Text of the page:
Optimising Health Information Privacy in NEHR

Ng Chee Kwan

When I see patients for the first time, an important part of my consultation is obtaining a history of the patient's medical conditions, current medications and previous test results. The information that I obtain by taking a thorough history, and by reviewing physical or electronic copies of their test results, is usually sufficient for a proper assessment. In theory, it would be more convenient for both me and my patient if this information were summarised and stored as a single electronic medical record (EMR), easily retrieved at the point of consultation.

The National Electronic Health Record (NEHR) was set up as a central repository of patients' summarised health records drawn from and shared across healthcare providers. All public healthcare institutions currently contribute patient data and have access to NEHR. The proposed Health Information Bill (HIB) intends to make it mandatory for all licensed healthcare providers to contribute patient data to NEHR.1 This means that in the future, all patients seeking healthcare in the private sector will have their health information uploaded onto NEHR as well.

In 2018, reviewing the implications of mandatory contribution to NEHR, the College of Family Physicians Singapore, Academy of Medicine, Singapore and SMA conducted a survey of 2,100 respondents to evaluate public sentiments towards NEHR.2

Respondents generally agreed that NEHR was a good idea, with 92.2% of respondents supporting the implementation of the NEHR to varying extents. Despite the general support for NEHR, only 27.7% of respondents indicated that they would definitely like to have their records maintained in NEHR, and 56% indicated that they would like to have their records maintained in the NEHR but did not want any healthcare provider to access them without their explicit consent except during emergencies. 11.3% of respondents indicated they wanted to opt out of NEHR to varying extents, and 45.3% were concerned that their medical information would be seen by all attending doctors.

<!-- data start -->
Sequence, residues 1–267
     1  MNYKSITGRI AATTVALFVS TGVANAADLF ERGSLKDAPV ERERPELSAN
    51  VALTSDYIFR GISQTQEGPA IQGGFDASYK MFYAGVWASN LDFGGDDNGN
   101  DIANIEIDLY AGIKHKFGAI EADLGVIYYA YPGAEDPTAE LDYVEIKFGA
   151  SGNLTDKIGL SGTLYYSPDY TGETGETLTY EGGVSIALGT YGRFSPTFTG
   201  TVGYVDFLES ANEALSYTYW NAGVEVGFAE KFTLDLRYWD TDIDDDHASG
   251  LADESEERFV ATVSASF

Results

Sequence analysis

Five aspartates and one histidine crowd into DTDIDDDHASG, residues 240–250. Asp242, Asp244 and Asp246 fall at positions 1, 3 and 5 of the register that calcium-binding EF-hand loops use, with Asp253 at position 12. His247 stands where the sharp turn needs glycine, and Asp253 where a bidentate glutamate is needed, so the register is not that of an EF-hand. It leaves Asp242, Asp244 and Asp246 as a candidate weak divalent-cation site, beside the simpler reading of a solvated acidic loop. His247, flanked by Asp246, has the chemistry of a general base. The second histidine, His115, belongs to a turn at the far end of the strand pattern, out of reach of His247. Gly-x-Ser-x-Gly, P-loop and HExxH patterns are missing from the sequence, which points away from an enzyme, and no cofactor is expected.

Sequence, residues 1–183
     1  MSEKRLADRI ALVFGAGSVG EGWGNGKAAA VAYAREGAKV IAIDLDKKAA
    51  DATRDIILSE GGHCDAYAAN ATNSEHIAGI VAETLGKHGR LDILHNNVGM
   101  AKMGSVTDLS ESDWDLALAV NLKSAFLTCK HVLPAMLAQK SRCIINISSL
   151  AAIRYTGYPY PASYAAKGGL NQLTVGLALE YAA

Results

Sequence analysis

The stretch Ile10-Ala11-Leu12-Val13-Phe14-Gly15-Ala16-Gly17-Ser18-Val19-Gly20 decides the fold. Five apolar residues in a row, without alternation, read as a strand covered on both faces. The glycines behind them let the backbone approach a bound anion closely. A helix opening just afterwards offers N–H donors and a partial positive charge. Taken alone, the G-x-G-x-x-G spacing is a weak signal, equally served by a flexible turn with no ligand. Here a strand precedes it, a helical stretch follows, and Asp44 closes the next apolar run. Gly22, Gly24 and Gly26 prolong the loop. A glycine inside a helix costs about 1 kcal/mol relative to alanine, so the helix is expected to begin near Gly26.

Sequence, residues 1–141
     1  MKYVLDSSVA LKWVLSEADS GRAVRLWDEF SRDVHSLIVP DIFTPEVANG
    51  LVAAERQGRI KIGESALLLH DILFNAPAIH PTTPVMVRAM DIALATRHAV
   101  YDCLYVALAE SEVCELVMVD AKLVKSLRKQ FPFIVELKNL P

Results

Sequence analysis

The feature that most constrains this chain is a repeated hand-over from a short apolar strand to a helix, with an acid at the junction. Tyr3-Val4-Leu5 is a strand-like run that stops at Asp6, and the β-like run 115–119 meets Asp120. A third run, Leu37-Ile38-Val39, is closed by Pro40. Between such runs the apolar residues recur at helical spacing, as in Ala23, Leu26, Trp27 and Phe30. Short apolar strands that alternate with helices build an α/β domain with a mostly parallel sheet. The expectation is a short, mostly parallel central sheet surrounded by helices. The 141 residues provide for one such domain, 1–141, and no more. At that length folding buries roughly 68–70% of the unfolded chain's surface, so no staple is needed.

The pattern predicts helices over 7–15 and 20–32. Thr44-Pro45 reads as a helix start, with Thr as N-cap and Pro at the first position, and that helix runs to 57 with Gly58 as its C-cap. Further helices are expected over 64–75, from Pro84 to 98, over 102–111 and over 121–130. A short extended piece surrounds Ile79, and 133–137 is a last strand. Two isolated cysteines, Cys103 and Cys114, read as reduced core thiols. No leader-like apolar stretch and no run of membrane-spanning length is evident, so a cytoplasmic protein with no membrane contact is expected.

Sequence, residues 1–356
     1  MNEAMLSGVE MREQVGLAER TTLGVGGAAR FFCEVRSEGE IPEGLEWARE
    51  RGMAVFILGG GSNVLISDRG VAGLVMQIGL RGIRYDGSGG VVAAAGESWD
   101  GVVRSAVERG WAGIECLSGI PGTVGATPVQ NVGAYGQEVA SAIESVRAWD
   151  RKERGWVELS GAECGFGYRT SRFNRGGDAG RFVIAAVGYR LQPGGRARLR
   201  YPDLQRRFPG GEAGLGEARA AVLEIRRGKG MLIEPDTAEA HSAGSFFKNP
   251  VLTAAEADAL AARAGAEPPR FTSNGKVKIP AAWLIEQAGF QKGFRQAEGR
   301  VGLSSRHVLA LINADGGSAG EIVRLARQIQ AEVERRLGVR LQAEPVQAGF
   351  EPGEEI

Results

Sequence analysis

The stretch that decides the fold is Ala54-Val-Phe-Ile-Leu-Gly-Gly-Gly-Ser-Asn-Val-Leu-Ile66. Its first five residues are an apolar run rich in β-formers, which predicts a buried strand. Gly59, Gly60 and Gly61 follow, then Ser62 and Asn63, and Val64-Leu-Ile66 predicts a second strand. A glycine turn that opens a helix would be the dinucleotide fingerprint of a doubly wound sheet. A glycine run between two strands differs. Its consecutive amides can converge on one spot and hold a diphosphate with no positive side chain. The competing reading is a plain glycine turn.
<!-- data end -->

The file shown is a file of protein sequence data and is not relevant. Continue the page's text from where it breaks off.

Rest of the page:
If NEHR contribution becomes mandatory, NEHR will contain a complete record of patients' health information summary, whether patients seek treatment in the public or private sector. This is good for the continuity of healthcare. However, in the current NEHR model, there is no mechanism for patients to grant or deny any participating licensed healthcare provider the right to access their health information. While some patients may not mind this and trust that healthcare providers will not abuse their access privileges, there will be others who prefer to have control over which healthcare provider can view their EMR.

Access to information about a person's financial assets is not automatically granted to financial institutions by default. Why should access to a person's EMR be granted to healthcare providers by default?

Could patients be given the option of logging onto an NEHR portal or app with their Singpass, thereby allowing them to actively grant or deny healthcare providers access to their EMR? For patients who wish to opt out of NEHR, could the opt-out process be made easier and more widely accessible? At present, the only way to opt out is to go to a government polyclinic or hospital to register for it.

It is stated that the HIB will put in place safeguards for data sharing to protect patient confidentiality and respect patient autonomy.1 As the EMR system of a First World nation, I hope the current NEHR model will be modified to ensure that these important principles are upheld. This will give patients the confidence to make NEHR the repository of choice for their health information.

  1. Ministry of Health. Reviewing System Enablers to Support Healthcare Transformations - Health Information Bill. Available at: https://bit.ly/3ONwQTX. Accessed 16 February 2024.
  2. College of Family Physicians Singapore, Academy of Medicine, Singapore, SMA. Joint Survey on the Public Sentiments towards the National Electronic Health Record. SMA News 2018; 50(8):15-9.

Ng Chee Kwan is a urologist in private practice and current President of the SMA. He has two teenage sons whom he hopes will grow much taller than him. He has probably collected too many watches for his own good.